Many people are consuming more sugar each day in foods and drinks then they realize. Added sugars contribute zero daily nutrient needs to our daily diet. A few things that most of us consume that have sugars include: regular soft drinks, sugars, candy, cookies, cakes, pies, fruit drinks, dairy desserts and sweetened milk. Added sugars are sugars and syrups that are added to foods or beverages when they’re processed or prepared. These added calories can lead to extra pounds and have been cited to contribute to obesity, high blood pressure and high cholesterol. But the added sugar Americans consume as part of their daily diet can more than double the risk of death from heart disease, a new study from the U.S. Centers for Disease Control and Prevention has found.
4 grams of sugar = 1 teaspoon
How much sugar is just right for you? The American Heart Association (AHA) recommends limiting the amount of added sugars you consume to no more than half of your daily discretionary calorie allowance. For most American women, that’s no more than 100 calories per day, or about 6 teaspoons of sugar. For men, it’s 150 calories per day, or about 9 teaspoons. The AHA recommendations focus on all added sugars, without singling out any particular types such as high-fructose corn syrup. For more detailed information and guidance on sugar intake limits, see the scientific statement in the August 2009 issue of Circulation, Journal of the American Heart Association. According to the study, most U.S. adults consume about 22 teaspoons of added sugars a day.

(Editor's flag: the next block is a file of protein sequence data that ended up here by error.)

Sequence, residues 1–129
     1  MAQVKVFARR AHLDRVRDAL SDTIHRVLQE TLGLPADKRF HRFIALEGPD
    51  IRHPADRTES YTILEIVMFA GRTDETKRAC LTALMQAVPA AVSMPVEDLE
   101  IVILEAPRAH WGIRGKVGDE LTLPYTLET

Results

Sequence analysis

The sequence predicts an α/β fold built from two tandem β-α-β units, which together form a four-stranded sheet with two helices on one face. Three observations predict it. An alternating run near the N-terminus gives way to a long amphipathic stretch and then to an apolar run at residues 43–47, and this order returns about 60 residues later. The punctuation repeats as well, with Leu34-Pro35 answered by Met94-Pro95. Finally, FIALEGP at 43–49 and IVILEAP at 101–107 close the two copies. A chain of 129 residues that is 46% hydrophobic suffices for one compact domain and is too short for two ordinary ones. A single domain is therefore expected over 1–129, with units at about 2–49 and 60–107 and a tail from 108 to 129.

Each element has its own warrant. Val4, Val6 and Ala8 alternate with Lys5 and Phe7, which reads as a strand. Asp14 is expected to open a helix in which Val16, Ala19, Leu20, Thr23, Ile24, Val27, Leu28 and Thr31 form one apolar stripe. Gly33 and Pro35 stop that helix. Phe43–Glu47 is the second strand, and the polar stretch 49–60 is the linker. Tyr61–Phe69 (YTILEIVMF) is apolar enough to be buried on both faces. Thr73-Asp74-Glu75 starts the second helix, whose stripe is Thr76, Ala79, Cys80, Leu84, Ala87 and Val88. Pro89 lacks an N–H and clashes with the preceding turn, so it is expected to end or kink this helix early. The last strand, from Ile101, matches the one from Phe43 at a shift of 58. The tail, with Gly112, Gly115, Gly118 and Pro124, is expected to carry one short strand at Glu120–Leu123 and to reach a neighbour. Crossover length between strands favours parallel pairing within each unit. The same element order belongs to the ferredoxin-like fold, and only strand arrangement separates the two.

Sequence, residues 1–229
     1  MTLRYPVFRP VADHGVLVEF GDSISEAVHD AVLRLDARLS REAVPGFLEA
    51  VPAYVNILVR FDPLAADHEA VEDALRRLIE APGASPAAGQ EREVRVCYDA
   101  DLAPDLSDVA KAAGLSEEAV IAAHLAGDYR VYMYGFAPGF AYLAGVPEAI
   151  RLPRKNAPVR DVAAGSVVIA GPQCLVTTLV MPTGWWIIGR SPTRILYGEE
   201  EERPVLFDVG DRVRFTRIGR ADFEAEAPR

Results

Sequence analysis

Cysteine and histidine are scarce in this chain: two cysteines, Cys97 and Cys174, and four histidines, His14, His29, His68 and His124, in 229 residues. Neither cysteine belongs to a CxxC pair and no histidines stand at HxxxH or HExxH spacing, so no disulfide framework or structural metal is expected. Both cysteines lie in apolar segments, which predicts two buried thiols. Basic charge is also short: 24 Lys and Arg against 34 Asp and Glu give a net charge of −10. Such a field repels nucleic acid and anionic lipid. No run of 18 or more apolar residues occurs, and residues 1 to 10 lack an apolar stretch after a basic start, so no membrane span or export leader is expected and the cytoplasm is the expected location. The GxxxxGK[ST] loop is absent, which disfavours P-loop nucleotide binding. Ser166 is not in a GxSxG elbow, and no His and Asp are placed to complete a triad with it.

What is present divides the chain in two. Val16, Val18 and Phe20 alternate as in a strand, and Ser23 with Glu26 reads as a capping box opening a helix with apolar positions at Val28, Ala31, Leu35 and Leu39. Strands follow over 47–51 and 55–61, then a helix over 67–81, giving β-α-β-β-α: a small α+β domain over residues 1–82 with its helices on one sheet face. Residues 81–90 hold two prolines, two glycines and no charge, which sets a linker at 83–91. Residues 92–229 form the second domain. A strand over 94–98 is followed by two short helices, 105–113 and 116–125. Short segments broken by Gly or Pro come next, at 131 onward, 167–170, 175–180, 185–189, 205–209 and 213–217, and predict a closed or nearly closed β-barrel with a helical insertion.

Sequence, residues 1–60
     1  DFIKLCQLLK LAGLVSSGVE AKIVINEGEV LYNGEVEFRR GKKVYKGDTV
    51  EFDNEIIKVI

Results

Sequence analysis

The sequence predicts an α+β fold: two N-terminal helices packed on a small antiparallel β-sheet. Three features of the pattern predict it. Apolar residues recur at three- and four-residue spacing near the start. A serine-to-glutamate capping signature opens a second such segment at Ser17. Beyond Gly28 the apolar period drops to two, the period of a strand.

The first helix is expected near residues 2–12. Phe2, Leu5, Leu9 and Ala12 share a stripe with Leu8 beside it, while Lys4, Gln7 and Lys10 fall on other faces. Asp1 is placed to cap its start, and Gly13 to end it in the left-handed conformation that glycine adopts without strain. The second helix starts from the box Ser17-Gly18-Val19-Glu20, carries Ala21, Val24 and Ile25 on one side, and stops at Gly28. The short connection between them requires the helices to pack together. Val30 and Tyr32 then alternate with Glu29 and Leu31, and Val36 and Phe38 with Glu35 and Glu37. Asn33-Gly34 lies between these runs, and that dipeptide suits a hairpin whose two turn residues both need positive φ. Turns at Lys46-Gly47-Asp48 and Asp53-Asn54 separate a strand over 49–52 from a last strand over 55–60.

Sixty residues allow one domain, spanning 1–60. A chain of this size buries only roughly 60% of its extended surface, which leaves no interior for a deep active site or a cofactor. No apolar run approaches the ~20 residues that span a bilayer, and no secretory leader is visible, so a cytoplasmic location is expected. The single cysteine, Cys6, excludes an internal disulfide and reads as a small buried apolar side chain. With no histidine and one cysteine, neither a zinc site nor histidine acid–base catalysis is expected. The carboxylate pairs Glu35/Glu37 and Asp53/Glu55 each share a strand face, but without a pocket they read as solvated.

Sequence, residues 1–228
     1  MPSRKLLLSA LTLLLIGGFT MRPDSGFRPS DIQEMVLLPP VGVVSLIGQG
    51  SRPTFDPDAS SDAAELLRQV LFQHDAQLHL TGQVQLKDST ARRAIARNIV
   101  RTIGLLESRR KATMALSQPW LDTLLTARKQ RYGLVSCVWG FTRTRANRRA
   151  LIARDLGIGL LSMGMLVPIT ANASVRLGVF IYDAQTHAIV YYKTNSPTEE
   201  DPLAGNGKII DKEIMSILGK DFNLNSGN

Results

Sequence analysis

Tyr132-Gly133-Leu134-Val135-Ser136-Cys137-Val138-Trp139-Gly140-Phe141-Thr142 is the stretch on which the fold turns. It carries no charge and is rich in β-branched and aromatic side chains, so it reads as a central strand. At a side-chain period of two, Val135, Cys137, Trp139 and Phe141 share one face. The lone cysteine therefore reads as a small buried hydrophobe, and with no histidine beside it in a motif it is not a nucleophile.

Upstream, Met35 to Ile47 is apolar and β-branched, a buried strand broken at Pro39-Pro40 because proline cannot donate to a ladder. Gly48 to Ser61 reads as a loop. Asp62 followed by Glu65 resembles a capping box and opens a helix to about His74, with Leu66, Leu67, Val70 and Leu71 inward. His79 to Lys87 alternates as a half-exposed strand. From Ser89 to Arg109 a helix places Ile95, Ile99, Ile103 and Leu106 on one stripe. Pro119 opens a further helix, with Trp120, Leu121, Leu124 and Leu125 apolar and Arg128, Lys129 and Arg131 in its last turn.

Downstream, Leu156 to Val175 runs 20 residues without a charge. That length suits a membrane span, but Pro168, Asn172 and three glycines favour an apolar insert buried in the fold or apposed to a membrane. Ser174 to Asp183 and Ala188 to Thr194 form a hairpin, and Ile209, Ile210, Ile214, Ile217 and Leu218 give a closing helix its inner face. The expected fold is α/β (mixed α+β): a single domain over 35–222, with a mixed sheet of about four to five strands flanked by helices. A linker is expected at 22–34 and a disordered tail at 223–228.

For more tips on healthy eating, cooking and recipes: Simple Cooking with Heart www.heart.org/simplecooking
Journal of the American Heart: Circulation, August 2009. http://circ.ahajournal
Writer Marie Economos, Extension Educator, Family and Consumer Sciences, OSU Extension, Trumbull County, Western Reserve EERA
Reviewer: Liz Smith, SNAP- Ed Program Specialist, Ohio State University Extension.